When a traffic wreck occurs, people are sometimes tempted to lie about what happened in order to avoid the potential financial or criminal consequences of being found at fault for the accident. Frustrating though it may be, there isn't much you can do to stop another party from lying about what happened. Try not to worry about it. After the accident, their actions are largely irrelevant. Focus your energy on building up your own case, not tearing down theirs. That's the best way to protect your interests.
Document the Accident
If you are involved in an accident, don't just exchange insurance and driver's license information with the other party. Collect evidence of what really happened. If there were bystanders who witnessed the wreck, ask them if they would be willing to make a statement to the police, and then get their contact information. If you have a camera, use it to take pictures of any damage or other points of interest at the scene. Observe the people from the other vehicle for evidence of intoxication and make a note of whatever you find.
File a Police Report
The most important thing you can do to protect yourself from fraud is to file a police report detailing your side of the story. This report will be the decisive source of information for the insurance companies and, if necessary, the courts. Tell the police exactly what happened. Let them know of any bystanders who might be willing to talk to them, and inform them of any notes you took or evidence you collected. Be sure to mention who you think is at fault for the wreck. If you don't have a good idea of who is at fault, then tell the police that you do not think you are at fault, but don't go so far as to accuse the other party. These statements are your best protection against fraudulent claims.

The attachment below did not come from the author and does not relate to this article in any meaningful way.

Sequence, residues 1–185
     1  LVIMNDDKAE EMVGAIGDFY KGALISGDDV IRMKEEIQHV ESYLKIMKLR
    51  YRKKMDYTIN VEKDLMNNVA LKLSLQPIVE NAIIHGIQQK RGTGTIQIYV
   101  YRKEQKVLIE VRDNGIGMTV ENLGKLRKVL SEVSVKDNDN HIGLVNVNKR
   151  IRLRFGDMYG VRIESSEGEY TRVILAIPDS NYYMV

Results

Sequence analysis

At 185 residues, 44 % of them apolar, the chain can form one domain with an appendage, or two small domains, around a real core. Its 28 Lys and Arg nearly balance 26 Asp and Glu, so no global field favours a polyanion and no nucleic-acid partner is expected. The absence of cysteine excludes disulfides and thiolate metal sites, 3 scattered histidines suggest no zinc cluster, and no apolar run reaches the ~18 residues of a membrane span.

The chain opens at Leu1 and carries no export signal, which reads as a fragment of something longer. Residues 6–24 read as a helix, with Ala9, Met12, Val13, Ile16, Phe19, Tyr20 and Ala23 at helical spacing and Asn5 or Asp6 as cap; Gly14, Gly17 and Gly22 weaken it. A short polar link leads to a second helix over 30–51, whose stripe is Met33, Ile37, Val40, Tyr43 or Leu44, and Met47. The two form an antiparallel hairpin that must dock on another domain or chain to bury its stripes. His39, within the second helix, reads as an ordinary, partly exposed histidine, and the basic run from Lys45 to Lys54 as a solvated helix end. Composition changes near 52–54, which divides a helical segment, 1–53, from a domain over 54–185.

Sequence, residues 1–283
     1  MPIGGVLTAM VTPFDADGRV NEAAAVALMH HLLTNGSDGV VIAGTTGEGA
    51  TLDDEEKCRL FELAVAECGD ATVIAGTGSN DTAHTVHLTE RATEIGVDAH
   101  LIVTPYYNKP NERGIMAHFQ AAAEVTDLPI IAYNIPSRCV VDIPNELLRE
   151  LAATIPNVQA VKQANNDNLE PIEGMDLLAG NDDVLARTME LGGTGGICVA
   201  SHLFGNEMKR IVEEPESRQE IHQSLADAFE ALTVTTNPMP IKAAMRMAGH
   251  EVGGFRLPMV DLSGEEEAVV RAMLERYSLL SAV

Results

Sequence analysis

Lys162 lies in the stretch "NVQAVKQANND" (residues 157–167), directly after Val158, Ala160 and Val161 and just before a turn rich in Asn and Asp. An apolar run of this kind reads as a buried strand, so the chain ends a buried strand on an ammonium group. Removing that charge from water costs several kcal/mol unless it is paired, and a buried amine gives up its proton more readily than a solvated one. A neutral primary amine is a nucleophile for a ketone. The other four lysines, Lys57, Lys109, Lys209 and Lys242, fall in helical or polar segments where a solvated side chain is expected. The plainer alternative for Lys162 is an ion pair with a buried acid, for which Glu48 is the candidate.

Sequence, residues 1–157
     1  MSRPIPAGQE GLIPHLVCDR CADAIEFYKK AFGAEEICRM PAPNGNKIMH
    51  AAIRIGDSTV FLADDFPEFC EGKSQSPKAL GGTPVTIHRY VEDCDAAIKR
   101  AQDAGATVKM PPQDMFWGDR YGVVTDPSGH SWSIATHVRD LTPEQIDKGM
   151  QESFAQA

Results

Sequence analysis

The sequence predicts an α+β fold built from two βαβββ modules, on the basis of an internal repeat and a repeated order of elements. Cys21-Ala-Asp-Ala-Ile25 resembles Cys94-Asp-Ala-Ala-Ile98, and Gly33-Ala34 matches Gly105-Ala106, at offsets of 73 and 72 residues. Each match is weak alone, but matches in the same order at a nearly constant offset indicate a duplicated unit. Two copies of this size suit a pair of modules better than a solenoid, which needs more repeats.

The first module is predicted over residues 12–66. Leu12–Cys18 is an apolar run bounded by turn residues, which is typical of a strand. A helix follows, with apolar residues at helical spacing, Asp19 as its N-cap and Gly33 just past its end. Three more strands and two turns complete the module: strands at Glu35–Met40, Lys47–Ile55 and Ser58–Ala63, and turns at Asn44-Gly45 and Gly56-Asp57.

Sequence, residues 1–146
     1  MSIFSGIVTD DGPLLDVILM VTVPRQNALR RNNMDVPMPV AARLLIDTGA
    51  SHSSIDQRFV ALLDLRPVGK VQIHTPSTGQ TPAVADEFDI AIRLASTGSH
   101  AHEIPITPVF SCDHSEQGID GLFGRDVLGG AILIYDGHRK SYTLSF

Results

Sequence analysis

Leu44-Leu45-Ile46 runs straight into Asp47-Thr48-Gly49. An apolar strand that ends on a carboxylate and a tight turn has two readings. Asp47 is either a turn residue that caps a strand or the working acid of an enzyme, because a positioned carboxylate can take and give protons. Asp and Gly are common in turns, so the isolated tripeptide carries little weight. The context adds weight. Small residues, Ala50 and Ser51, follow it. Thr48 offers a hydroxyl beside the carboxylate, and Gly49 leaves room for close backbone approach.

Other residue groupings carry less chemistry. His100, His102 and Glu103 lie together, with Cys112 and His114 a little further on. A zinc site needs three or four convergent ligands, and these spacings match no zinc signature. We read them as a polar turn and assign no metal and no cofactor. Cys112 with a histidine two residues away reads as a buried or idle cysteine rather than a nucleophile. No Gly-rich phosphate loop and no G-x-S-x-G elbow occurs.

Contact Your Insurance Company
After filing the police report, contact your insurance company and tell them everything you told the police. Your insurance company is initially going to be on your side. They won't want to have to pay any money, and they'll exert a reasonable effort to protect their bottom line.
The other party may resist your claim, and, if he or she lies in the process, this is your opportunity to dispute these lies explicitly. If you have any physical or logical evidence to discredit them, pass it along to your insurance company.
If your insurer offers you an unsatisfactory resolution—especially if the resolution involves an admission of liability on your part if you feel the accident was not your fault—then instruct them to take your claim to mediation. If mediation is resolved in your favor, that's the end of the story. If not, then you may want to escalate the claim by hiring an attorney and taking the case to arbitration.
Report Suspected Fraud
Some people intentionally stage auto wrecks in order to make false insurance claims. This is insurance fraud, an illegal industry that pilfers billions of dollars annually. If you are involved in an accident and suspect that the other party is a professional con artist who staged the wreck deliberately, inform both the police and your insurer of your suspicions—and be prepared to hire an attorney.